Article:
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1876 Purdey hammergun review

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Sometimes in these pages we like to look at something special, and this month’s test gun, owned by Colin Jaques and bought from the Cotswood Gun Room, certainly qualifies.

It is serial number 9551, a Purdey bar-in-wood hammer gun made in 1876, some years before the advent of the famous Purdey-Beesley gun – one of the most influential shotgun designs of all time.

This is a gun of great charm, which has been sympathetically restored.

One sees a lot of great old guns ‘done up’ by less than expert craftsmen. This is not one of them. The only things that I would pick on are the heads of the lock retaining screws, which could do with replacing.

One poor screw head – and these are partially obscured when the hammers are down – can spoil the overall effect all too easily. Replacing and re-engraving screws is not an expensive job, but it can be a bit of an irritation in that it can create a logjam in a renovation schedule.

Although it predates the famous Beesley hammerless action already mentioned, it is still a very usable shooting tool. Colin plans to shoot both game and clays with it.

It was, of course, made in an era of great invention – the era in which the form and mechanism of the modern sporting gun was established. It all happened in the four decades from about 1850. There was rapid change, as one might equate with computer technology today.

From 1890, however, the job was done; there were only changes of detail as far as side-by-side design and style were concerned.

The action of this gun has rebounding hammers and a top lever – both very useful features. A few Purdeys were fitted with thumb-levers after 1867, but the majority had a top-lever from this date on.

Rotary under-levers, thumb-levers, and side-lever guns were seen previously.

The side-lever guns worked off the same mechanism as the thumb-lever types, but with a linkage to the side.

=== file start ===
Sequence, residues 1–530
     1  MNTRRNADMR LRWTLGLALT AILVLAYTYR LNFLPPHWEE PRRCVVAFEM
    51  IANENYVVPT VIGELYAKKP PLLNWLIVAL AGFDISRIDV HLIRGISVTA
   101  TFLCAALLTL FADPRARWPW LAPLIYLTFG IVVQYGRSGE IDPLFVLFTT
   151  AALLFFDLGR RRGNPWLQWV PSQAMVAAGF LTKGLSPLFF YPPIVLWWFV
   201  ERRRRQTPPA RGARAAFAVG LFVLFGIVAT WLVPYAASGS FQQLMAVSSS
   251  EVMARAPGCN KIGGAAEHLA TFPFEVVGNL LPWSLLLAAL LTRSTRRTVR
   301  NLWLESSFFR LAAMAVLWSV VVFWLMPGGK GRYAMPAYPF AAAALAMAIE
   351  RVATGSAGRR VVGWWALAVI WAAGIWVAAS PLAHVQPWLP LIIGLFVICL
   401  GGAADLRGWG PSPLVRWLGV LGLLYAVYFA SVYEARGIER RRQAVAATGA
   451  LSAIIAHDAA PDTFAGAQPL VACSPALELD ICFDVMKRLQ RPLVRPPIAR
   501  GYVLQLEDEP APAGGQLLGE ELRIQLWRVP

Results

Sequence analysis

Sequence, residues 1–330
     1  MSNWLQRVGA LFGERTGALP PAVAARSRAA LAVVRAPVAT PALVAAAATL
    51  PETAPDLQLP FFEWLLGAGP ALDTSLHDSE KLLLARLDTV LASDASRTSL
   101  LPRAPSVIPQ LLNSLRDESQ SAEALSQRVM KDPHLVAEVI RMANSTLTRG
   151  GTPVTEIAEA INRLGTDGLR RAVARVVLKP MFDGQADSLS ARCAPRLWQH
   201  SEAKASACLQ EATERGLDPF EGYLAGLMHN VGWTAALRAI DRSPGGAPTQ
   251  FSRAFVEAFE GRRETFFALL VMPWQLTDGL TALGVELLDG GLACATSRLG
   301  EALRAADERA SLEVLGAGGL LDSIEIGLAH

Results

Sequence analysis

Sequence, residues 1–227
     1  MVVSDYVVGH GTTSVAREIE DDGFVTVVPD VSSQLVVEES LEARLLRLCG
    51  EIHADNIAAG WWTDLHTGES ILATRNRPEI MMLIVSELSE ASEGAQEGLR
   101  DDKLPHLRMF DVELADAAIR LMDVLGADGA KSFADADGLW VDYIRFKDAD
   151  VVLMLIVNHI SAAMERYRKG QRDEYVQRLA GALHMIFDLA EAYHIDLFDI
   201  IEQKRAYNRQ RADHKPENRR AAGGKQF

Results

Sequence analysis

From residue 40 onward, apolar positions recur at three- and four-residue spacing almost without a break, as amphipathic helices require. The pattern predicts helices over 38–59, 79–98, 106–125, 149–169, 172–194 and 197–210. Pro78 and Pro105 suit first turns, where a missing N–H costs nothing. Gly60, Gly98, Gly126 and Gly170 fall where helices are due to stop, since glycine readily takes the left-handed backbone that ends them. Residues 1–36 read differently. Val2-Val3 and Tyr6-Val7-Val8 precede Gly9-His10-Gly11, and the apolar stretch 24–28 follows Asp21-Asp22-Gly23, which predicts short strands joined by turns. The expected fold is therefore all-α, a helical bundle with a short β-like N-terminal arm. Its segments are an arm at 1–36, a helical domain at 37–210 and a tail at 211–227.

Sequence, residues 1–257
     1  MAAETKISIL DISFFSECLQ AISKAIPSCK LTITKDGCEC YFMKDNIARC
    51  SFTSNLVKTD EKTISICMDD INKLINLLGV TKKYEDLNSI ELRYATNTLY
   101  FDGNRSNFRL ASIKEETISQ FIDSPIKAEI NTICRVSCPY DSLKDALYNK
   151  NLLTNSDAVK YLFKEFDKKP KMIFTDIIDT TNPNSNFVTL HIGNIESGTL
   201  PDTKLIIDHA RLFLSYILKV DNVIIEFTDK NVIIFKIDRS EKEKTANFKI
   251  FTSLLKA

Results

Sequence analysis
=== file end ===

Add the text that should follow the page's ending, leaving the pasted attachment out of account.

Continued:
1876 Purdey hammergun

The test gun also incorporates the famous Purdey double bolt and Scott spindle, a system which became near universal on side-by-side guns and is seen in the great majority of sidelocks and boxlocks to this day. There was some evolution in this as one might expect.

The bolting system evolved from one where a lever came out about mid way on the action bar. This was not terribly convenient, so soon after its appearance in 1864 the marriage with the Scott spindle was made.

The gun weighs in at 6 pounds 13 ounces, but feels considerably lighter, as well-balanced guns often will. The barrels are an unusual length at 29.5⁄8”.

Sometimes an odd length an eighth or quarter inch off the mark can indicate a pin-fire conversion. Purdey made pin-fires as late as 1873. I had a Purdey gun with barrels one eighth of an inch short of the full inch at 30.7⁄8”, and the firm kindly discovered that this rotary under-lever gun dating from the late 1860s had indeed been converted.

The style of action and the record book showing the gun made at 31” confirmed this.

The test gun, however, has not been converted. It appears that its Damascus barrels, which carry slight choke, have been shortened – probably because of damage. They have subsequently been nitro-proofed for 2.1⁄2” cartridges.

The woodwork of this Purdey is most interesting. Bar-in-wood guns always fascinate me. David Maynard, a mine of information on vintage Purdeys, told me: “Purdey did lots of bar-in-wood hammer guns and they are very beautiful. The stocking of any bar-in-wood gun is a tour de force in the stocker’s art.”

1876 Purdey hammergun

Those who have had to restock bar-in-wood guns will know this. Wood selection is paramount – strength in the bar area trumps figure.

On a number of occasions, I have seen bar-in-wood guns with a longitudinal crack in the belly of the stock near the knuckle. Sometimes these can be repaired, but it tends to be the weak-point on guns of this type.

SHOOTING IMPRESSIONS

This gun was great fun to shoot. The stock was a little short for me, but the drop 1.5⁄8” and 2.1⁄8” suited me well enough.

I had no problems whacking a variety of clays on a skeet field, and a few higher birds as well.

The trigger pulls are really crisp, and felt recoil with 24 gram Lyalvale High Velocity (my favourite side-by-side practice and competition load) was a little higher than expected.

Let me leave the last word to the proud new owner, though: “I bought the Purdey because it was of such beauty and exceptional character. I knew it was one of the best hammer guns that I would ever come across.

I did not want it to go to the States. It is practical too; something that I can use on a weekly basis and hopefully without losing any money on over the years.”

  • Ernie Sealey

    Hi

    I use a Purdey Bar in Wood thumb leaver opening built in 1869, it was re- proofed some time in the 1950s and has been in continuous use as far as I know since it was purchased as one of a set of four. I am not sure if I like the looks of a hundred plus year old gun with an action looking like it has just come out of a rainbow colour paint shop. Why can’t we let guns grow old gracefully with just repairing to keep them working as the maker intended?
    Mike why don’t you have a look at a true working version that has earned its retirement like me these days, I would be very happy to let you put it through its paces as a comparison with the gun in your article.

    Kindest regards

    Ernie